The result was that Knowlton got $6 million for those shares and Brown agreed to pay shareholders $80 million, more than half of which $48 million went to the Brown family.

---
This reminds me of the machinations that came out in another court case, when the Brown Family successfully challenged the IRS over PB's estate tax. From an old 1999 article:

Shareholders' take of profits drained Bengals
http://bengals.enquirer.com/1999/12/26/ ... ke_of.html

It was in May 1983 that Paul Brown, then 75, entered into an agreement that would help his partners in the short term and later give his family the opportunity to own the team. Here's what they agreed to:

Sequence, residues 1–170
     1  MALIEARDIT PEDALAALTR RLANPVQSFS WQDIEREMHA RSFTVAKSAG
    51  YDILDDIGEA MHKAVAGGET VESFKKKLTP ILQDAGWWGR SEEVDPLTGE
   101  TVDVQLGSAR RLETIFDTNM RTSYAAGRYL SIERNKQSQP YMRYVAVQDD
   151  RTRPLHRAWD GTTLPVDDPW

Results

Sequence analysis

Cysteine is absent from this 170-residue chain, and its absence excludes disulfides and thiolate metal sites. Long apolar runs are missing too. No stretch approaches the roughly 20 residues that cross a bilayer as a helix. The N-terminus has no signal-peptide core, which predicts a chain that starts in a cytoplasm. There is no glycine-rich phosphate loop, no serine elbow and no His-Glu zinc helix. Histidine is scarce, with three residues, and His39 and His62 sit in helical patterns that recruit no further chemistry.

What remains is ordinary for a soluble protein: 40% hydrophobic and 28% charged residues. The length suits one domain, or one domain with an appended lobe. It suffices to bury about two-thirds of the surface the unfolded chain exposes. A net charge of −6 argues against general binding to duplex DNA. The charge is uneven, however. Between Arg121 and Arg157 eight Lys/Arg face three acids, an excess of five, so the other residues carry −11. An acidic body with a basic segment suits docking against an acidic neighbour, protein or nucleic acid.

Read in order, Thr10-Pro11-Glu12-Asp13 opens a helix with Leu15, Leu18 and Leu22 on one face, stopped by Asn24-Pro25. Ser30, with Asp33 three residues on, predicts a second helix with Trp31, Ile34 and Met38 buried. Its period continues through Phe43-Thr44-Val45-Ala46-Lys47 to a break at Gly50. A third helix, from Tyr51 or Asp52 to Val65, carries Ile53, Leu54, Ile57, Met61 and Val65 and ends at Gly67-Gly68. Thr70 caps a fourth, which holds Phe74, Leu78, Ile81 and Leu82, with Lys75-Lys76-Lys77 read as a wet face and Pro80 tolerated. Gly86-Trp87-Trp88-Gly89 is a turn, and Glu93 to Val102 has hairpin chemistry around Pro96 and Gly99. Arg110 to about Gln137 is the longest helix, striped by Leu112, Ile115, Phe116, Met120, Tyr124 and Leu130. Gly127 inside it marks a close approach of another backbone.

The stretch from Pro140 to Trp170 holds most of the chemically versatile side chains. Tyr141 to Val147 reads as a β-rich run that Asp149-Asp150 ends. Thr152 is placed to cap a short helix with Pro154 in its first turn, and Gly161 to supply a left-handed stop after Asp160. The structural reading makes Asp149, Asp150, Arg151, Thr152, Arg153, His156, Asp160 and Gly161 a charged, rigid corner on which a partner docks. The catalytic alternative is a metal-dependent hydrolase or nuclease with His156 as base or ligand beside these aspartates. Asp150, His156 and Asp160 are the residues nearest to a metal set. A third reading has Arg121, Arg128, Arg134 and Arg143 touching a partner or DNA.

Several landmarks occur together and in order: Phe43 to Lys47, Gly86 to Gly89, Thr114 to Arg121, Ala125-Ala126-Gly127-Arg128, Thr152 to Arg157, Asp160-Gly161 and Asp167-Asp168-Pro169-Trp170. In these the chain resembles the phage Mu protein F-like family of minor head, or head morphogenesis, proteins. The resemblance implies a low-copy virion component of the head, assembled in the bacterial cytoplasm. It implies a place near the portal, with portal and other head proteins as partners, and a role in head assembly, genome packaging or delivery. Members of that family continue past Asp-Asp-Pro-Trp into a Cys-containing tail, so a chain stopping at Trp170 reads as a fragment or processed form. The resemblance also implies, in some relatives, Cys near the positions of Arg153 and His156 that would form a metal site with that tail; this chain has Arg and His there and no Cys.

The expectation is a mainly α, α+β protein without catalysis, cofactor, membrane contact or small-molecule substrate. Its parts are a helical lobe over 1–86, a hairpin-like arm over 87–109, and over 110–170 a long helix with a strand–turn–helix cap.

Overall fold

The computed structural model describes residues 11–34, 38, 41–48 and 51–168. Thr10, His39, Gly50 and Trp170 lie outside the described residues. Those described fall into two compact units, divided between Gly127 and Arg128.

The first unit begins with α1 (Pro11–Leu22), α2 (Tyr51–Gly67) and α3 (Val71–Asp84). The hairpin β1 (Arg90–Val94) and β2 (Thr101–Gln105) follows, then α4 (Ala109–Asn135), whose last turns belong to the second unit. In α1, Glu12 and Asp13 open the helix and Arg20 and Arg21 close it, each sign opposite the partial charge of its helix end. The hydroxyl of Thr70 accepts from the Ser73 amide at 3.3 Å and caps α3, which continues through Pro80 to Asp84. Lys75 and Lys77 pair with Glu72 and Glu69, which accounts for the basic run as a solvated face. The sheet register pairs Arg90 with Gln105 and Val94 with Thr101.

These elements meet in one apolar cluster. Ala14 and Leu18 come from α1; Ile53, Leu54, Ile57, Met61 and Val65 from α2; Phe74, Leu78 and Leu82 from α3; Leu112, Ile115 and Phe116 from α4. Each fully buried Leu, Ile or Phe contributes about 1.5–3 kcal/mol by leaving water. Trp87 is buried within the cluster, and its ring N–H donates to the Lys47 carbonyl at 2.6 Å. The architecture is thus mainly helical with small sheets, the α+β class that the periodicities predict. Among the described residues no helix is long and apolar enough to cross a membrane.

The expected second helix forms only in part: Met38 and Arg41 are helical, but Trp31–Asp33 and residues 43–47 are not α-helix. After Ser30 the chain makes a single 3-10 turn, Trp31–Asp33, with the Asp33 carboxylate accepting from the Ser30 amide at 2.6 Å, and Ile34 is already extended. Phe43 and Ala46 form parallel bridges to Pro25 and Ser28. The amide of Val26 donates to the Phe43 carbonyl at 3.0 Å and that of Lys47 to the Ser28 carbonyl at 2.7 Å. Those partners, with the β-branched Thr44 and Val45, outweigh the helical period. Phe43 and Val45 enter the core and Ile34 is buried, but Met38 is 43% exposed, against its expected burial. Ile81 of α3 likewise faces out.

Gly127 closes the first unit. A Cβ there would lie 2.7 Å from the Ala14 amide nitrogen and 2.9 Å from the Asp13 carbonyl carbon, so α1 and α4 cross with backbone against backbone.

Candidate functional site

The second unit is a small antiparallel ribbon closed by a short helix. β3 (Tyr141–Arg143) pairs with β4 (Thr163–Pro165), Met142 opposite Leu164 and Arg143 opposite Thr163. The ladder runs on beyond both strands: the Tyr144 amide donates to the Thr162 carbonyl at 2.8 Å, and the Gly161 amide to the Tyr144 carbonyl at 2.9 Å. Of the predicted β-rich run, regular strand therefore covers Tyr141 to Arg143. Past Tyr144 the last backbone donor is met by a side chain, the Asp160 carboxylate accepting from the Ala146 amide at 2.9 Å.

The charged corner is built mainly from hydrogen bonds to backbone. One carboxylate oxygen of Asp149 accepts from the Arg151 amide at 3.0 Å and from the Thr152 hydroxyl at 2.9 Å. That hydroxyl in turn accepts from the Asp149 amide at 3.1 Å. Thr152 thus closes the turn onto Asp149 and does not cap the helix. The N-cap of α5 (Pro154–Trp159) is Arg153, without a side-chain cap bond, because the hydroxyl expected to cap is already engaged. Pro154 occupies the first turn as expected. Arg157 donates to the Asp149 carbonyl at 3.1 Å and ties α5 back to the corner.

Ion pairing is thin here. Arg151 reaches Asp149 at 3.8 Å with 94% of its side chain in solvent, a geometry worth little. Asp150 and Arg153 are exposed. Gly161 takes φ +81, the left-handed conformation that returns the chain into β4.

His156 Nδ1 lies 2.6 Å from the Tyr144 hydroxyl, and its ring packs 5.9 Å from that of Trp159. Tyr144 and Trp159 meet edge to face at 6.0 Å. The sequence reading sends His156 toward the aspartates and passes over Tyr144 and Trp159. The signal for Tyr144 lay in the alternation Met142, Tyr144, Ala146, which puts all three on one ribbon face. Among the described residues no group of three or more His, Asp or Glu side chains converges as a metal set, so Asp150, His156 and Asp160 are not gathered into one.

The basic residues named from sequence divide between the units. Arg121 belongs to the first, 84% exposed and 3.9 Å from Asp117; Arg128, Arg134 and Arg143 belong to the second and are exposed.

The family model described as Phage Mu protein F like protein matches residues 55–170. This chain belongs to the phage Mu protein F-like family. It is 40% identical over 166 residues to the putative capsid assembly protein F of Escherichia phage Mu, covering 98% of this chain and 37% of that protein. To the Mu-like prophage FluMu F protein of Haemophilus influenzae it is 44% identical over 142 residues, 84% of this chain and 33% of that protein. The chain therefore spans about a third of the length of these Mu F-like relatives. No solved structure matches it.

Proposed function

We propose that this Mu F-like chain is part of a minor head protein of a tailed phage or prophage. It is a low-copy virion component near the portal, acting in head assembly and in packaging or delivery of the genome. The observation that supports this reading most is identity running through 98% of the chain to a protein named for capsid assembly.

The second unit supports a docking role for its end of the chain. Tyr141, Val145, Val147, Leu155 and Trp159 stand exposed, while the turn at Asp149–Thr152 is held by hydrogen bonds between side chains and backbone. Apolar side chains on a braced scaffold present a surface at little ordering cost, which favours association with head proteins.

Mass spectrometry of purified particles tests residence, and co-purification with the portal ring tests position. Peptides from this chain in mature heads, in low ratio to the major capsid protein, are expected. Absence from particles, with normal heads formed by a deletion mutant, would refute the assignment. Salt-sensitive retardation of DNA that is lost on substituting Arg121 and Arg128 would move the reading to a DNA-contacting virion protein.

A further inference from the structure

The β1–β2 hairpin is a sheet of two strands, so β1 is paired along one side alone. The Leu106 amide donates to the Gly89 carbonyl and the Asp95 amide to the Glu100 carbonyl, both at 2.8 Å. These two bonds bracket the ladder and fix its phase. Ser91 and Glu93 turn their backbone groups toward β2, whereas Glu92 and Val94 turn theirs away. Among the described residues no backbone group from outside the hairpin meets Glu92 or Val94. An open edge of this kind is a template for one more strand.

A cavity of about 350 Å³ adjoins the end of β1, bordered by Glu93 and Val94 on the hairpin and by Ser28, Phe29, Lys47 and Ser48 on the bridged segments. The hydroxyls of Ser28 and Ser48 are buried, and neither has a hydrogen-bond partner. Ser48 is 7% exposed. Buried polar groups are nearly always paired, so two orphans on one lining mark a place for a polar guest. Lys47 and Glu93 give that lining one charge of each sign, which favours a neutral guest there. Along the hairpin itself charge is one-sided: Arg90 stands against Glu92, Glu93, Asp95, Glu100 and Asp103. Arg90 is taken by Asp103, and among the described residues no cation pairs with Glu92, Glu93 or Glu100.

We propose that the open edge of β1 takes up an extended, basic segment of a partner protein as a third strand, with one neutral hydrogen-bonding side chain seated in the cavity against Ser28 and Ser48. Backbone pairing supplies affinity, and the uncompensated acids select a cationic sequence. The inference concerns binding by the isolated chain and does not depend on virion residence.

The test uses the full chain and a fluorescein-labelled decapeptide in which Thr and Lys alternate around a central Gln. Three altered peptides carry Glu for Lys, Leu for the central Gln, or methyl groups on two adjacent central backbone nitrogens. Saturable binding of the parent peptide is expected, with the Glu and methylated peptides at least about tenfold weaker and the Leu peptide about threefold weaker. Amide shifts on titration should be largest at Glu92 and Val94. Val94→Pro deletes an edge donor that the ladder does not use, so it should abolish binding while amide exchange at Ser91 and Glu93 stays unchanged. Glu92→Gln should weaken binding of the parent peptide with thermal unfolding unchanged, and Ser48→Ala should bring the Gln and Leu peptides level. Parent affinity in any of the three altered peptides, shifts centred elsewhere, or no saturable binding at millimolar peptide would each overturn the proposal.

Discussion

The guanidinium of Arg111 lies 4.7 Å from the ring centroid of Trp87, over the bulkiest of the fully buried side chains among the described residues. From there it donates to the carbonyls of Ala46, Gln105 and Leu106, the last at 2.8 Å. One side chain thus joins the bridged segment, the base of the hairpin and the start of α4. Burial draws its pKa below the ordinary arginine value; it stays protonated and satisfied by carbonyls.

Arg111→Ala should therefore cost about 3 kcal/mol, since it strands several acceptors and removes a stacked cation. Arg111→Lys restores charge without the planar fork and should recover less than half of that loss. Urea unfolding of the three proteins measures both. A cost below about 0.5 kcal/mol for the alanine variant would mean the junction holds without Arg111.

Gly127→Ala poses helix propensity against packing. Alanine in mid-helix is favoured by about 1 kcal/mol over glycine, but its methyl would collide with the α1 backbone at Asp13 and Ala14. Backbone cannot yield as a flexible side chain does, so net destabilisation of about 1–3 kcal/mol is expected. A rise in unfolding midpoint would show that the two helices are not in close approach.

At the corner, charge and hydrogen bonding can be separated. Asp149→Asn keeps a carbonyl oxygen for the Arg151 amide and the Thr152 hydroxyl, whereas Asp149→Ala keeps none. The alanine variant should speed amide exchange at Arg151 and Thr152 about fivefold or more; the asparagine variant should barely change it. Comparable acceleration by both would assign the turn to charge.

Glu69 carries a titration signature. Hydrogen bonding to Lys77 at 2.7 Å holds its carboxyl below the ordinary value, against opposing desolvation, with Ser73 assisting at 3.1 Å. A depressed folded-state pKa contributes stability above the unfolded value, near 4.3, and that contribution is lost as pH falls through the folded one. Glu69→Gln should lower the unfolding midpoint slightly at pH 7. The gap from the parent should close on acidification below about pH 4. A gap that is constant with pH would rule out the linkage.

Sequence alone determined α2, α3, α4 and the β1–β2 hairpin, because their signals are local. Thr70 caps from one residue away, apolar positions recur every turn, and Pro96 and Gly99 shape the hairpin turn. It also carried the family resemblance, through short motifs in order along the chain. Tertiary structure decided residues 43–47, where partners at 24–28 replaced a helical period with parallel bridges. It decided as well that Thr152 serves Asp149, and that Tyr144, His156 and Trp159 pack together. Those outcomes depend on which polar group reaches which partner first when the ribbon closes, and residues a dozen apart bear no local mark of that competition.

- The Bengals reorganized as an S corporation, meaning the income of the team became the income of the individual shareholders. As a result of the agreement, the Bengals were required to pay dividends to the extent of the team's income, the family told tax court.

- Paul Brown sold 117 of his 118 Bengals shares to Mr. Sawyer for $30,000 each, or $3.5 million. Combined with his own shares, this gave Mr. Sawyer 330 of the Bengals' 586 shares, or 56 percent. Though that was a majority, Paul Brown retained control over the team's operations.

- As part of the deal, Mr. Sawyer agreed that Paul Brown's sons, Mike and Pete, could buy 329 of his shares and controlling interest in the team for $25,000 per share, during a three-year period beginning March 1, 1993. Mr. Sawyer sold this option to the brothers, Pete and Mike, for $1.